Associates, Libertyville, IL
2:45 Refreshment Break

3:15 Employee Management for Producing
Results on Your Dairy Jorge Estrada,
President, Leadership Coaching International, Inc.,
Graham, WA
4:15 Employee Management Producer Panel -
Participants: Ron St. John, Don Bennink, John
Gilliland, Jorge Estrada. Moderator: Steve
5:00 Reception Hors d'oeuvres and a cash bar are
available for your enjoyment.

Wednesday, May 2, 2007, Dogwood Room
9:00 AM PCDART Workshop Dan Webb, Professor,
Department of Animal Sciences, University of
Florida, Gainesville, FL
12:00 PM Adjourn

Directions to the Hilton: From 1-75, take Exit 384
(Archer Road). Go east on Archer Road and proceed
one mile to the intersection of Archer Road and SW 34th
Street. Take a left (no north) onto 34th Street and the
hotel will be three blocks down on the left-hand side.
Registration for the Dairy Production Conference
on Tuesday May 1, 2007 includes the program, one copy
of the proceedings, refreshment breaks, the luncheon,
and reception. The early registration fee is $65 for fees
postmarked on or before April 20, 2007. The regular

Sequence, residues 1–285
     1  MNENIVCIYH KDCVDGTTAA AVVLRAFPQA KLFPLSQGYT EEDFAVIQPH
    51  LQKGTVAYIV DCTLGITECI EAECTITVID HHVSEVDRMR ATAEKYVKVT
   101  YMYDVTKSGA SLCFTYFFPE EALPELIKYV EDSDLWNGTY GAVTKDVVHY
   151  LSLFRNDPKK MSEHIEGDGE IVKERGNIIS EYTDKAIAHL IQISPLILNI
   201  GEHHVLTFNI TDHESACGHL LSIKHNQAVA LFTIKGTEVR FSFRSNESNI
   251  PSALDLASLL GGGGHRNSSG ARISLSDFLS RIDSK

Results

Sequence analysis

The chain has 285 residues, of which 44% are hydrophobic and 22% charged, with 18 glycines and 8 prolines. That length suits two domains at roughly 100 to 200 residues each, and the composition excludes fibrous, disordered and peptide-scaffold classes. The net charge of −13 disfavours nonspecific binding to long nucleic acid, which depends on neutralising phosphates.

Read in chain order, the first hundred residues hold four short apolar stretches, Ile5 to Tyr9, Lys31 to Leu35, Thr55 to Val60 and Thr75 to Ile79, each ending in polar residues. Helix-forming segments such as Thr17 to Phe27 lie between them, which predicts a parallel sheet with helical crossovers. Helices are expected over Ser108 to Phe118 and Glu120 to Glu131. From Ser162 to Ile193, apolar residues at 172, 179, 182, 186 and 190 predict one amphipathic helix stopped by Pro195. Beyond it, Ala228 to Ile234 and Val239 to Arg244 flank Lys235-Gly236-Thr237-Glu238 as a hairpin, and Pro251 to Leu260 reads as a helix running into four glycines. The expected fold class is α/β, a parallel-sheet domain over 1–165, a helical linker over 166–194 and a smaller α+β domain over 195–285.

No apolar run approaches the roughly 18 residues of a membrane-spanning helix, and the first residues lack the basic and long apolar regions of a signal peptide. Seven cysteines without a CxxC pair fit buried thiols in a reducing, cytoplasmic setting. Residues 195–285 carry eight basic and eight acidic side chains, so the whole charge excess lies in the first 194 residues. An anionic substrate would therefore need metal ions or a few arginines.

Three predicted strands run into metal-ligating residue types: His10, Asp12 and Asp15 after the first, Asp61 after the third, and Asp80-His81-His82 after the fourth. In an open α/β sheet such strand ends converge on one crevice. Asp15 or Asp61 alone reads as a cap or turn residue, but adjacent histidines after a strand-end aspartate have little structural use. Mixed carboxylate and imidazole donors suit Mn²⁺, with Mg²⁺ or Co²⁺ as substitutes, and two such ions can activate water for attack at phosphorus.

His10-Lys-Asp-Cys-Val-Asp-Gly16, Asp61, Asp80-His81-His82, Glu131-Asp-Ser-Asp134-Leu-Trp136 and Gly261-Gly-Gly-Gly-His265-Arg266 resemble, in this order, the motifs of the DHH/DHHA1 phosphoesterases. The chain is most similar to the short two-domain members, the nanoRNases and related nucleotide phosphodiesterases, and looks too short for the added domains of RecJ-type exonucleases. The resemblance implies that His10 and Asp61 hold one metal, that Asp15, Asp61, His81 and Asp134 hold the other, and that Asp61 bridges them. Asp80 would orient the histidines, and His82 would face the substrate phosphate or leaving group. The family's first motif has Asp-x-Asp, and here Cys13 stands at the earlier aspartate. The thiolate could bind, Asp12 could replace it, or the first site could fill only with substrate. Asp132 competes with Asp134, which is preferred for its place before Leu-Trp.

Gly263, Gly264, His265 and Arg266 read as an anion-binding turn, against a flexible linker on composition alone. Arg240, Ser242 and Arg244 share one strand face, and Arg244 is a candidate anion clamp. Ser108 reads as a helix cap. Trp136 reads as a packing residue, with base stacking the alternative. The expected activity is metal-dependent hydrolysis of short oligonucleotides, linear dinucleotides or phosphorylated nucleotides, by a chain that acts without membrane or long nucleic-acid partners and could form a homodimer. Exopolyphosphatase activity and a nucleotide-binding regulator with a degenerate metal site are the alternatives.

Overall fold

registration fee is $80 for fees postmarked after April 20,
2007, or at the door. To register, please visit
http://dairv.ifas.ufl.edu or contact Pam Gross at (352)
392-1916 (e-mail pjg352iufl.edu). A $35 processing
fee will be deducted from all refunds. The conference is
approved for 9 ARPAS CEUs.
Advance registration for the PCDART workshop is
requested. Please e-mail dore@animal.ufl.edu or call
(352) 392-5592 by April 30, 2007.
Conference Sponsorships are available at $250 per
company. In addition to one free registration for the
Dairy Production Conference, sponsors may submit
educational and product information for inclusion in a
packet for all registrants. For more information
regarding sponsorship, please contact David Bray at
(352) 392-5594 or e-mail drbrav@,ufl.edu.
For more information about the conference, contact
Albert De Vries, (352) 392-5594, or e-mail


Albert De Vries, Russ Giesy, Ann Wilkie,
and Roger Nordstedt

An Excel Spreadsheet is available to help dairy
producers and their consultants to evaluate the economic
feasibility of anaerobic manure digesters that use
flushing systems for manure management. The